The naval blockade of the South was one of his first tasks - for which he had but few ships available - and although he followed the national strategy, he did not limit himself to it when opportunities arose. Mallory's dedication to ironclads is well known, but he also defined the roles of commerce raiders, submarines, and naval mines. Welles's contributions to the Union effort were rooted in his organizational skills and his willingness to cooperate with the other military departments of his government. This led to successes through combined army and naval units in several campaigns on and around the Mississippi River.

 

Recommended Reading: Civil War Ironclads: The U.S. Navy and Industrial Mobilization (Johns Hopkins Studies in the History of Technology). Description: "In this impressively researched and broadly conceived study, William Roberts offers the first comprehensive study of one of the most ambitious programs in the history of naval shipbuilding, the Union's ironclad program during the Civil War. Perhaps more importantly, Roberts also provides an invaluable framework for understanding and analyzing military-industrial relations, an insightful commentary on the military acquisition process, and a cautionary tale on the perils of the pursuit of perfection and personal recognition." - Robert Angevine, Journal of Military History "Roberts's study, illuminating on many fronts, is a welcome addition to our understanding of the Union's industrial mobilization during the Civil War and its inadvertent effects on the postwar U.S. Navy." - William M. McBride, Technology and Culture"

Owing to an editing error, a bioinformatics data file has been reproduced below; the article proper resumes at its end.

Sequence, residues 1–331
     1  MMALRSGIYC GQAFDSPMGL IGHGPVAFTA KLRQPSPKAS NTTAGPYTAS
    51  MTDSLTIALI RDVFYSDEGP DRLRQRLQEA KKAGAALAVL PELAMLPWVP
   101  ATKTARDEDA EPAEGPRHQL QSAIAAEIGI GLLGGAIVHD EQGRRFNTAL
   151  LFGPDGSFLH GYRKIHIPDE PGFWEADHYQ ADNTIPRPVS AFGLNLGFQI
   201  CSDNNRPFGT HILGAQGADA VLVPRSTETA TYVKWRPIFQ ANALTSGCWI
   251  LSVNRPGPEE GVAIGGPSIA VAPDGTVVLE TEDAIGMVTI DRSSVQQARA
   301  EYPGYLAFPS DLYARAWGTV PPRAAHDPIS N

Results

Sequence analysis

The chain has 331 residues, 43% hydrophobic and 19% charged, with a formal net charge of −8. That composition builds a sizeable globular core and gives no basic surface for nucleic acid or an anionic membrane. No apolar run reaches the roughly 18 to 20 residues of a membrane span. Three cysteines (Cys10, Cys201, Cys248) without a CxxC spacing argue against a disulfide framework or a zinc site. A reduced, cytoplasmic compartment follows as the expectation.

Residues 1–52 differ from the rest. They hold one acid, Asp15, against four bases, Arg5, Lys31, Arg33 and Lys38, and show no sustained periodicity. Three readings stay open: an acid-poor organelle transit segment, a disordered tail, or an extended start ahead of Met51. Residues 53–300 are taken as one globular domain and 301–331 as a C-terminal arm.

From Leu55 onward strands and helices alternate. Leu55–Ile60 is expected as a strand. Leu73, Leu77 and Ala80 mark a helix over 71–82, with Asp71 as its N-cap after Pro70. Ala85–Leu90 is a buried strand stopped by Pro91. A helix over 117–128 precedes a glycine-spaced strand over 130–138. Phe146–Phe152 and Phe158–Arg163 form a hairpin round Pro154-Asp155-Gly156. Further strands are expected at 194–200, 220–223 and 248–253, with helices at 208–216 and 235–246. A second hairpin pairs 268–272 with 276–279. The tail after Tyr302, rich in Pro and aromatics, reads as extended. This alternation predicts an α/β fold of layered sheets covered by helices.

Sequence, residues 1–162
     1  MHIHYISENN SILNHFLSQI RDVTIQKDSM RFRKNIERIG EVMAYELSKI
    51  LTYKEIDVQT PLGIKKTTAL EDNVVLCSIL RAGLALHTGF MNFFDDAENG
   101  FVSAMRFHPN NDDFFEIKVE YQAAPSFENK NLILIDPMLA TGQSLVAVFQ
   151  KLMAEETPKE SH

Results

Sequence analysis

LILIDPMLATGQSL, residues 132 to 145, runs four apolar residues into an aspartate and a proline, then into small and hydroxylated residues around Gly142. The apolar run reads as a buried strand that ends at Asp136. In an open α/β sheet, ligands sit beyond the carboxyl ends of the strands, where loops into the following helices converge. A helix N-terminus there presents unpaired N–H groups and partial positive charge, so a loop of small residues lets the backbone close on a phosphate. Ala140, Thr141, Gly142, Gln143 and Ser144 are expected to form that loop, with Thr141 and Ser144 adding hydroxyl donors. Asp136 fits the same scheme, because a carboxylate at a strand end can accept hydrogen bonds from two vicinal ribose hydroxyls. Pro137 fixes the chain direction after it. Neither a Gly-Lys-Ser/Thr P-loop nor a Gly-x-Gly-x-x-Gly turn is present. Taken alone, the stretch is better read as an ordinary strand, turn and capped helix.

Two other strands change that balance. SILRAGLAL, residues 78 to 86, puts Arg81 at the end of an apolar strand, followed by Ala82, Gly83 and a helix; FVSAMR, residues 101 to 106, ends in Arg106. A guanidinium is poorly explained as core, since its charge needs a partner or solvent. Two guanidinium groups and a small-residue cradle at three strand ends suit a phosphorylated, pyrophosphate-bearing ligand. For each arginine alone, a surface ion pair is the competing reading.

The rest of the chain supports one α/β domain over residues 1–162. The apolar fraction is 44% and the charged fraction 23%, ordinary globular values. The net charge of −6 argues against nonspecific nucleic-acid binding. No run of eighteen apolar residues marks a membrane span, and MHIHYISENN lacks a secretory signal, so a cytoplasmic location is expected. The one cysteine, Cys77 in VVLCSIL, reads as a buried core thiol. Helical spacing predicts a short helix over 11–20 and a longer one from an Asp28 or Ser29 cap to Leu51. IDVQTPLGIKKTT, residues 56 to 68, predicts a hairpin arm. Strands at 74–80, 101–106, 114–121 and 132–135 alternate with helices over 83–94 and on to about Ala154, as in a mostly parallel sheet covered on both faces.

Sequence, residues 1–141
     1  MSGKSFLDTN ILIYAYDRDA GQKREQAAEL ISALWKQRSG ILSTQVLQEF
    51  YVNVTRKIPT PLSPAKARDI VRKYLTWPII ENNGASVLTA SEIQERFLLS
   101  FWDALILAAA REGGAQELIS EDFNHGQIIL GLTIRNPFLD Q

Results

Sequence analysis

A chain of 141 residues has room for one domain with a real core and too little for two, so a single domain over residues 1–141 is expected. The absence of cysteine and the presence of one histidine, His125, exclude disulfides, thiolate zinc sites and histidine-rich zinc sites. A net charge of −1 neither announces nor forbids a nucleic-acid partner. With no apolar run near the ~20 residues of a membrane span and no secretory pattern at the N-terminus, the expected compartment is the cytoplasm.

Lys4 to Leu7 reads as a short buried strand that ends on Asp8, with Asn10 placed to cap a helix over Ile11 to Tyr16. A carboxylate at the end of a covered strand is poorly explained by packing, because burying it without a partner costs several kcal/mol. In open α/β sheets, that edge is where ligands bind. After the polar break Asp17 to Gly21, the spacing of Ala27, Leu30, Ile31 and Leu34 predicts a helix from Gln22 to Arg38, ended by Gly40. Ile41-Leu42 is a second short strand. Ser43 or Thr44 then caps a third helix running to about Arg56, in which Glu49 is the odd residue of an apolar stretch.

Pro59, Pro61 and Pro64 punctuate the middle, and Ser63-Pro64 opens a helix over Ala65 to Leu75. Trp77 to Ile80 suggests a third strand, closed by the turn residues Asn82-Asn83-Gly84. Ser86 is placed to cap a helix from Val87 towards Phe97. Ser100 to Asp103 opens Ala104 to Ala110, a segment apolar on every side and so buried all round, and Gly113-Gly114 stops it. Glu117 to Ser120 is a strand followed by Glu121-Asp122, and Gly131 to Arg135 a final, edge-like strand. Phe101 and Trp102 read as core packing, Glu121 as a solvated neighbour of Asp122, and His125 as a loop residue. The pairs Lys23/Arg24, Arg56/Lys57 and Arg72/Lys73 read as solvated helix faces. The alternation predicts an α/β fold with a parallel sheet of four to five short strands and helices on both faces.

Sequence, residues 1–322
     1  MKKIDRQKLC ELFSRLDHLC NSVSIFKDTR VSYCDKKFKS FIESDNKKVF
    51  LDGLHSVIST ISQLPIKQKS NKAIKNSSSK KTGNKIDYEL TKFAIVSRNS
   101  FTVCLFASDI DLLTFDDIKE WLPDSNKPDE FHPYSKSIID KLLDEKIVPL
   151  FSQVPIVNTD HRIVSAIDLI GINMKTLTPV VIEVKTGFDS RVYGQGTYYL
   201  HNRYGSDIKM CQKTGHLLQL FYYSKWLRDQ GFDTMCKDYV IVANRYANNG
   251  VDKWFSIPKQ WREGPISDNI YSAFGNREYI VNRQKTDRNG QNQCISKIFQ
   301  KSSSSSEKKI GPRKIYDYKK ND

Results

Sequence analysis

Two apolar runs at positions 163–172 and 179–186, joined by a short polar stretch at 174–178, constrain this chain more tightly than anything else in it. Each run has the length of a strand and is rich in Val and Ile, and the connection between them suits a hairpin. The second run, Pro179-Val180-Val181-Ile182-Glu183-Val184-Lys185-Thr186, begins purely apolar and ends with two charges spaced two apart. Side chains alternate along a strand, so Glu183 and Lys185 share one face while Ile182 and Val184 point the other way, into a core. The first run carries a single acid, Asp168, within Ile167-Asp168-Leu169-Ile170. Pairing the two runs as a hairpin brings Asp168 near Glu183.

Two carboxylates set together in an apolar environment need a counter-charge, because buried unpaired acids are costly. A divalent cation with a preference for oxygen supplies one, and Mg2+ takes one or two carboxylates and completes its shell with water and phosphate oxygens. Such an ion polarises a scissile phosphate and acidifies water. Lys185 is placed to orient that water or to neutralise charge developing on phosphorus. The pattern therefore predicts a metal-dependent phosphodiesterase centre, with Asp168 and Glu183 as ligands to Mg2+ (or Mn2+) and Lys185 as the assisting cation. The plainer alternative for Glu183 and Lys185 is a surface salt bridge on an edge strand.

Recommended Reading: A History of Ironclads: The Power of Iron over Wood. Description: This landmark book documents the dramatic history of Civil War ironclads and reveals how ironclad warships revolutionized naval warfare. Author John V. Quarstein explores in depth the impact of ironclads during the Civil War and their colossal effect on naval history. The Battle of Hampton Roads was one of history's greatest naval engagements. Over the course of two days in March 1862, this Civil War conflict decided the fate of all the world's navies. It was the first battle between ironclad warships, and the 25,000 sailors, soldiers and civilians who witnessed the battle vividly understood what history would soon confirm: wars waged on the seas would never be the same. Continued below…